This heightened responsibility, when faithfully carried out, makes pastors and church leaders worthy of respect, but they are never “above the law.” In fact, if I understand Scripture correctly, they will be judged more severely (James 3:1). It is wise and necessary, therefore, for pastors and church leaders to hold their position with utmost humility.

Bottom line: Pastors have been granted limited, derived authority, not to be “lorded over” others but for the purpose of shepherding the flock with utmost humility. If you’re a church member, godly leaders should be respected for their service. If you’re a church leader, don’t “demand” that respect. Instead, serve your church by appealing to the truth of the authoritative Word and pointing them to the true Chief Shepherd.

*From here on I will be using the term “pastor” to describe the highest leadership position in the church. Depending on your view of church structure you could read this as pastor/elder, church board, bishop, etc. The NT more often speaks of church leadership in general than pastoral leadership in particular. However, I use “pastor” here since it is the position most commonly associated with local church leadership. If pressed, I would probably argue that “pastor/elder” would be the most precise term but “pastor” smoothes out the language of the post.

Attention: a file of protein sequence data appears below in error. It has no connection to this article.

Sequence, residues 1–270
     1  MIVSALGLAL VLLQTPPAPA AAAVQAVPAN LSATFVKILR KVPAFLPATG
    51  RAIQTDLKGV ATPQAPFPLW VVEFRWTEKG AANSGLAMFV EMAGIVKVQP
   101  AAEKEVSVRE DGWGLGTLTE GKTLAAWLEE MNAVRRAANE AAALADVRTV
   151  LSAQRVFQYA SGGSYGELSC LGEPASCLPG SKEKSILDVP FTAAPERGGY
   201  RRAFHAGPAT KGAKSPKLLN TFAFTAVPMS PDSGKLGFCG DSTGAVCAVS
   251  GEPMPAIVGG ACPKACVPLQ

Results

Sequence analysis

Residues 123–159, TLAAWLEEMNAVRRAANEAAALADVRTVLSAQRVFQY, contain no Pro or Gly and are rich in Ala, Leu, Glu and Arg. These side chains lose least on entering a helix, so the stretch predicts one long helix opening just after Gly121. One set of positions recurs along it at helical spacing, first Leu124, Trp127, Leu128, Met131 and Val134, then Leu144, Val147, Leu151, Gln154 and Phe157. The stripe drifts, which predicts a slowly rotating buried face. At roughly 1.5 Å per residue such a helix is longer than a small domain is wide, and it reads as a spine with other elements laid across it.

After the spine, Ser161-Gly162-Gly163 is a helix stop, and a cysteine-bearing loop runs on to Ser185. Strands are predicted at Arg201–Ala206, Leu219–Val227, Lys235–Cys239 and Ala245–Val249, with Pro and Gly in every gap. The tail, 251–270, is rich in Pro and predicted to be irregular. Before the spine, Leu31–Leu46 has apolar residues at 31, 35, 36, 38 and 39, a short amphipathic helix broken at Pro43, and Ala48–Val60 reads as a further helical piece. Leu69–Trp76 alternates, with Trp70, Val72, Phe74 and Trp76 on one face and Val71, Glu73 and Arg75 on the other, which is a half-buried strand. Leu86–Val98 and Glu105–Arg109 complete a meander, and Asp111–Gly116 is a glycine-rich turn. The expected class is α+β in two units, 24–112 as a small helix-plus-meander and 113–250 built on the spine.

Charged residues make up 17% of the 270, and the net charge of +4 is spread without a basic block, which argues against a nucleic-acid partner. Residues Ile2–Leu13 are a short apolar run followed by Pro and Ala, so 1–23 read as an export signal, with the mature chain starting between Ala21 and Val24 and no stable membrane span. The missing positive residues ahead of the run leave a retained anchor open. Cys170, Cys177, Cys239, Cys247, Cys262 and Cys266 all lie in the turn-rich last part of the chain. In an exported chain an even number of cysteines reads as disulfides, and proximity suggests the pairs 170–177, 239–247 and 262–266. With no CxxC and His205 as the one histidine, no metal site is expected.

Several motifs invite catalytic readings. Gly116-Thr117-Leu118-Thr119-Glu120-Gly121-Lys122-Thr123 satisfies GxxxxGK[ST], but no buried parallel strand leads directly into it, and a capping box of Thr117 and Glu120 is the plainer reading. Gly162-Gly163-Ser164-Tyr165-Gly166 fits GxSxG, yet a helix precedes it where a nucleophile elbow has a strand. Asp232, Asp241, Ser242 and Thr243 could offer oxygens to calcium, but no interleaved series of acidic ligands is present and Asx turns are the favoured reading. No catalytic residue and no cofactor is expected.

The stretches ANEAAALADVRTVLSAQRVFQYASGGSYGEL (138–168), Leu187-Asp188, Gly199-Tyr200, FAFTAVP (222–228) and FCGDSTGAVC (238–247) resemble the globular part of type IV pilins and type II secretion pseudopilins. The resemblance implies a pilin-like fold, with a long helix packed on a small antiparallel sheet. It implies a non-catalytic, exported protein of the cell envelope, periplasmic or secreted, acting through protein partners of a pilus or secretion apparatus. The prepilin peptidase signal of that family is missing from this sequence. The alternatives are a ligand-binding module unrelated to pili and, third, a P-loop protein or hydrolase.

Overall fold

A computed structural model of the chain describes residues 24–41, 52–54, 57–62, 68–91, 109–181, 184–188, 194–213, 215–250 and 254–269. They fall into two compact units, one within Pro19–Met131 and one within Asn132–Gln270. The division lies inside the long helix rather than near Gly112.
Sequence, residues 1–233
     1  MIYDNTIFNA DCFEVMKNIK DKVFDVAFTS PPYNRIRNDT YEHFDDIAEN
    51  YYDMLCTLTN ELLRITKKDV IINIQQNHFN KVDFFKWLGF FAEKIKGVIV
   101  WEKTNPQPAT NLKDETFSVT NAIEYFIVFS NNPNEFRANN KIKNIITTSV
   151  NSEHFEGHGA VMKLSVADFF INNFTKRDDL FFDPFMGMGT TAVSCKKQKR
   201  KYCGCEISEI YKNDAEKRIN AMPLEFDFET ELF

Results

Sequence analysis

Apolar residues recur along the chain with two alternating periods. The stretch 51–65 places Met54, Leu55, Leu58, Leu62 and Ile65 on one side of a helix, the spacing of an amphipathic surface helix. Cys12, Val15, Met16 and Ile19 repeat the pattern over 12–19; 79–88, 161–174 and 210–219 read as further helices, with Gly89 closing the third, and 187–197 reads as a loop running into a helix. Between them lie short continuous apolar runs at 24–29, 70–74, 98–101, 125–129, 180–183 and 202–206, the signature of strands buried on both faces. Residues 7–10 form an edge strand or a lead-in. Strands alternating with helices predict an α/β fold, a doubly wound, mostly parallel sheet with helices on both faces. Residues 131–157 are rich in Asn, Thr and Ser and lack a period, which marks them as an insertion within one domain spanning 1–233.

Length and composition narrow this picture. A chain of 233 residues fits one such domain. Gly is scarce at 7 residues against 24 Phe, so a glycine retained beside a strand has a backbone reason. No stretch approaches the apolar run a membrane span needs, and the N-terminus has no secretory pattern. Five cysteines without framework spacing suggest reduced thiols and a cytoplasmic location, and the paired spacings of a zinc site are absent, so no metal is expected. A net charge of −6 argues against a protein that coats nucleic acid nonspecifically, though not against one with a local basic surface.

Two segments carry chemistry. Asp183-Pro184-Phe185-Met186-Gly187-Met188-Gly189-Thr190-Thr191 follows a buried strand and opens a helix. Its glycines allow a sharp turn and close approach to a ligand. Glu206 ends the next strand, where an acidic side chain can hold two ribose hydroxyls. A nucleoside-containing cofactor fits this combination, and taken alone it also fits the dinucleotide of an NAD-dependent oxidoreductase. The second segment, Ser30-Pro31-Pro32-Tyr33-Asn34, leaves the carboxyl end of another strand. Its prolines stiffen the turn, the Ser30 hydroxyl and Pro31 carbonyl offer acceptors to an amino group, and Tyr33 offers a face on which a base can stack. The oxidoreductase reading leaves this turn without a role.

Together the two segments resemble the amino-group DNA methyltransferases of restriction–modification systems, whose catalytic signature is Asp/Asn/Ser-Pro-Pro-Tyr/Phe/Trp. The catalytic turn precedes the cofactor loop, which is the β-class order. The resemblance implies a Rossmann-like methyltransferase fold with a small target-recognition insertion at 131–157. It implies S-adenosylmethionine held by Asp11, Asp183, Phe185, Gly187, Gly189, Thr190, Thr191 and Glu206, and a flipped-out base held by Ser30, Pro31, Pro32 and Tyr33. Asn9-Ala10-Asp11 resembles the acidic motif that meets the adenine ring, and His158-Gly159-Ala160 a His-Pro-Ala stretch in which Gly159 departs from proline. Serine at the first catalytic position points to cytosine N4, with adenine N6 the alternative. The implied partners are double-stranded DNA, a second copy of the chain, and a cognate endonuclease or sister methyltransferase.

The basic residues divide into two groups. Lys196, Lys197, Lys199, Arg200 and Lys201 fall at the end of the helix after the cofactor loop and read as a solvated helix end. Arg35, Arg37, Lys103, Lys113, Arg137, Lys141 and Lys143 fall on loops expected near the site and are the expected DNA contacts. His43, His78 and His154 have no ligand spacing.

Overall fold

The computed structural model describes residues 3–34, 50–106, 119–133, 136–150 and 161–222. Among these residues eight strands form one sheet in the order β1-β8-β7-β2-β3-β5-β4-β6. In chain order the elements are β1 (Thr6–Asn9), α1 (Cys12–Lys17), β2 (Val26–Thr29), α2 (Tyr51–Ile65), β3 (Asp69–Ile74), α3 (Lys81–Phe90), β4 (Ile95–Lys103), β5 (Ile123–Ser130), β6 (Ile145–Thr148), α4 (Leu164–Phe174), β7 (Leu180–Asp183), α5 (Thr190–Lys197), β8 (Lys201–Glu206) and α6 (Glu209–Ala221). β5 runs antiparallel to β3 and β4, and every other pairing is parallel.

**In a Baptist setting (like the one in which I am a part) this is formalized in church policy. The congregation votes to call pastors, appoint elders and deacons, and modify the church constitution. In a strict sense, the board is the “boss” of the pastor and the voting members are the “boss” of board. Even if, in your church, this isn’t upheld by church policy individual Christians still bear the responsibility to evaluate the life and teaching of their leaders.

Book Review: The Return of the Prodigal Son by Henri Nouwen

The Return of the Prodigal Son

Henri Nouwen’s The Return of the Prodigal Son: A Story of Homecoming is an extended reflection on Jesus’ parable of the Prodigal Son as recorded in Luke. Nouwen views the parable first and foremost through the lens of Rembrandt’s painting of the same name and, especially in the introduction and conclusion, through the lens of his own life. The book is divided into three parts; the younger son, the elder son, and the father. Nouwen sees himself in all three roles and invites the reader to recognize where they, too, might fit within the parable. The Return of the Prodigal Son is, as one would expect from Nouwen, honest, personal, and poetic.
There is much to love about The Return of the Prodigal Son. Nouwen exalts in the goodness and love of the Father. His call is for readers to allow themselves to be loved as true sons and then to extend that unconditional love and favor to others. The story calls us to come home and reclaim our place as true children of God and then to become like the Father, continually being remade in his image.